Setting DURABILITY=ASYNC_WAL on a Table suspends all syncs for all table Table 
appends. If all tables on a cluster have this setting, data is flushed from the 
RS to the DN at some arbitrary time and a bunch may just hang out in DFSClient 
buffers on the RS-side indefinitely if writes are sporadic, at least until 
there is a WAL roll -- a log roll sends a sync through the write pipeline to 
flush out any outstanding appends -- or a region close which does similar.... 
or we crash and drop the data in buffers RS.

This is probably not what a user expects when they set ASYNC_WAL (We don't doc 
anywhere that I could find clearly what ASYNC_WAL means). Worse, old-time users 
probably associate ASYNC_WAL and DEFERRED_FLUSH, an old HTableDescriptor config 
that was deprecated and replaced by ASYNC_WAL. DEFERRED_FLUSH ran a background 
thread -- LogSyncer -- that on a configurable interval, sent a sync down the 
write pipeline so any outstanding appends since last last interval start get 
pushed out to the DN.  ASYNC_WAL doesn't do this (see below for history on how 
we let go of the LogSyncer feature).

Of note, we always sync meta edits. You can't turn this off. Also, given WALs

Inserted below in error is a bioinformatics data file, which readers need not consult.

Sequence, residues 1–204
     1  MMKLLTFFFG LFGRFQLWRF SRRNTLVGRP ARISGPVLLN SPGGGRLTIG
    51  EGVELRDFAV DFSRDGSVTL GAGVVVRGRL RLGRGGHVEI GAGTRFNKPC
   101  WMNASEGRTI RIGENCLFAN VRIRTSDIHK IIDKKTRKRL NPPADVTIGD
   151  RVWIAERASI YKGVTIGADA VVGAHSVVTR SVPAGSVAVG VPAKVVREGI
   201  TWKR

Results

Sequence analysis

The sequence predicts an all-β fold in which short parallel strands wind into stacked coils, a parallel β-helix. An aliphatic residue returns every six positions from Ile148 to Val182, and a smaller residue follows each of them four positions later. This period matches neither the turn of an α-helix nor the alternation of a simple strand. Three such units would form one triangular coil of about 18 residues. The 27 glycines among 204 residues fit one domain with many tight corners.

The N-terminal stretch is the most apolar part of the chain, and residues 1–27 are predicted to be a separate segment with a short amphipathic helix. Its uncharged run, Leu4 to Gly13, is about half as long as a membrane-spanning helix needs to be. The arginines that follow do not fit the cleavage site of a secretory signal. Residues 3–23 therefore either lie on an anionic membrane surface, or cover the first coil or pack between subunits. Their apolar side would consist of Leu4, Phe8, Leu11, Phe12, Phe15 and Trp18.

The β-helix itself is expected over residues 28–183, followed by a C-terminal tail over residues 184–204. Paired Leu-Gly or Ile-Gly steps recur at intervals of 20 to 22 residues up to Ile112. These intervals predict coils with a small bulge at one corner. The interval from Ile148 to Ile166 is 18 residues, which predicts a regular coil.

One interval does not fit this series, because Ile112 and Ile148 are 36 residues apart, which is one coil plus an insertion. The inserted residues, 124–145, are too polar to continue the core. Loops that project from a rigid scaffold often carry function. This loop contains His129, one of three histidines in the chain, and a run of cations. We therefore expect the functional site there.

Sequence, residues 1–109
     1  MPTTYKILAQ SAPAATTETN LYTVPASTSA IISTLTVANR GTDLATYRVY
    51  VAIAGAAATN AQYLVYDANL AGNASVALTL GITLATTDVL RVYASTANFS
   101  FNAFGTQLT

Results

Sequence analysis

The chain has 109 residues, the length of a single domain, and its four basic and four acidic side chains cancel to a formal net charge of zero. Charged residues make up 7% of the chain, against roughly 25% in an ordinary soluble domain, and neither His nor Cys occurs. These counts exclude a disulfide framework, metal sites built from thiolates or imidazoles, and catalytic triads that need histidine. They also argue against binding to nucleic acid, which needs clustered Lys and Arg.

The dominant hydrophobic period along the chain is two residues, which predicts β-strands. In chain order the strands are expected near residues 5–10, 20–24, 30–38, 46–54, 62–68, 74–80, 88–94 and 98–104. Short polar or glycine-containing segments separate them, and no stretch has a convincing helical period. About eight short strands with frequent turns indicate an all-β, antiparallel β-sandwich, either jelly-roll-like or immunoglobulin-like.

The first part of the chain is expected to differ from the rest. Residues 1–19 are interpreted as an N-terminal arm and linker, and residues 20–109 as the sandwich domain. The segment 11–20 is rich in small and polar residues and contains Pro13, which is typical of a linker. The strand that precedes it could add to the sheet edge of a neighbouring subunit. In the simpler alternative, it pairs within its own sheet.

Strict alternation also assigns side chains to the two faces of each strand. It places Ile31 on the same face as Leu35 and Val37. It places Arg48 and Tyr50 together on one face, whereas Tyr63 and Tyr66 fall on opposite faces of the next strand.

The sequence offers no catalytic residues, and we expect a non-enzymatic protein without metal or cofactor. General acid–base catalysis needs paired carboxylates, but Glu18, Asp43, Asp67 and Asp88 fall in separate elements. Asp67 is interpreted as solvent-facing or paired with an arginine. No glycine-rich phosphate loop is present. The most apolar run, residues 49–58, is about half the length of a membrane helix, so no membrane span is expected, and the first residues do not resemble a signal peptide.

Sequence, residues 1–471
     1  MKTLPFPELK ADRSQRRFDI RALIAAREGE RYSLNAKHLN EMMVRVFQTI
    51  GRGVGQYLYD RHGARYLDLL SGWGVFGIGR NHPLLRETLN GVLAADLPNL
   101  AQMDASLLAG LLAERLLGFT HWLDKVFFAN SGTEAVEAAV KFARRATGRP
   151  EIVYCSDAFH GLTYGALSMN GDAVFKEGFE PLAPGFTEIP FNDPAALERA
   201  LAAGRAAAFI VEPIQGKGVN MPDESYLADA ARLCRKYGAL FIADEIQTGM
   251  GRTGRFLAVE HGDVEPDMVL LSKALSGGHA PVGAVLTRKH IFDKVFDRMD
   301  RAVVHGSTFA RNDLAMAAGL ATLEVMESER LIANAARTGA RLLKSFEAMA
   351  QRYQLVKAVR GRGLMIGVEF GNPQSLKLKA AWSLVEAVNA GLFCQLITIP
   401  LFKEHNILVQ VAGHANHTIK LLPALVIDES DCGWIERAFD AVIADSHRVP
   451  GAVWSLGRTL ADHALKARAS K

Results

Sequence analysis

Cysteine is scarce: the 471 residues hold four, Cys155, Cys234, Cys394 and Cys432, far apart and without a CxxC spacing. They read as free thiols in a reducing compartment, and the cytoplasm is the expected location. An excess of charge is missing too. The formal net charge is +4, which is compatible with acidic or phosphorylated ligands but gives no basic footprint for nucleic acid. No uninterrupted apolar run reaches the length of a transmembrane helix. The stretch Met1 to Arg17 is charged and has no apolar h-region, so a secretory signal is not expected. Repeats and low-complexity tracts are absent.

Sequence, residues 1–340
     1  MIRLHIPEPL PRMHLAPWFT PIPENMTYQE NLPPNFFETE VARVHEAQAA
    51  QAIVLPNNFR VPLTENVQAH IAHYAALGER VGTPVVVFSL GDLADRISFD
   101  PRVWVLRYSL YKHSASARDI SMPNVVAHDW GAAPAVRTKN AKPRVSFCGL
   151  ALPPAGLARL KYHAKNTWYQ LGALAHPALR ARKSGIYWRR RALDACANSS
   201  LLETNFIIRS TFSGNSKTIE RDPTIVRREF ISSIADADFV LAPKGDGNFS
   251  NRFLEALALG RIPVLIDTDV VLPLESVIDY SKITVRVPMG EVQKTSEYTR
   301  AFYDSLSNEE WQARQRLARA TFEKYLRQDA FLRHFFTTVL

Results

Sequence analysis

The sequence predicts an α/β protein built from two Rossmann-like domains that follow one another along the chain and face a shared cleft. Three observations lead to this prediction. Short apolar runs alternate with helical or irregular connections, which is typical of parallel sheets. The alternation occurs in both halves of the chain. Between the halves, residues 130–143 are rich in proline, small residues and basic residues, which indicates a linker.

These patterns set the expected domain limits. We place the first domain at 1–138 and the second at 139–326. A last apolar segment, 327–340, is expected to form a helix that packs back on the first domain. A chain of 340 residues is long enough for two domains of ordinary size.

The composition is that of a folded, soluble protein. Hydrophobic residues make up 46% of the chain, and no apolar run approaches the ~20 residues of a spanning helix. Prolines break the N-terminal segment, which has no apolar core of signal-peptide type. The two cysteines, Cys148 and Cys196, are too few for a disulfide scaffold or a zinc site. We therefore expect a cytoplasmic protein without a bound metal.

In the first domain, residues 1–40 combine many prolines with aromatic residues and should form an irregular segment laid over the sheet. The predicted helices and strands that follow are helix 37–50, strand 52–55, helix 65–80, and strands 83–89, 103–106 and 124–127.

are per regionserver, if other regions on the RS are from tables that have sync 
set, these writes will push out to the DN any appends done on tables that have 
DEFERRED/ASYNC_WAL set.

To fix, we could do a few things:

 * Simple and comprehensive would be always queuing a sync, even if ASYNC_WAL 
is set but we let go of Handlers as soon as we write the memstore -- we don't 
wait on the sync to complete as we do with the default setting of 
Durability=SYNC_WAL.
 * Be like a 'real' database and add in a sync after N bytes of data have been 
appended (configurable) or after M milliseconds have passed, which ever 
threshold happens first. The size check would be easy. The sync-ever-M-millis 
would mean another thread.

Let me take a look and report back. Will file a bit of history on how we got 
here in next comment.


> Durability == ASYNC_WAL means no SYNC
> -------------------------------------
>
>                 Key: HBASE-16689
>                 URL: https://issues.apache.org/jira/browse/HBASE-16689
>             Project: HBase
>          Issue Type: Bug
>          Components: wal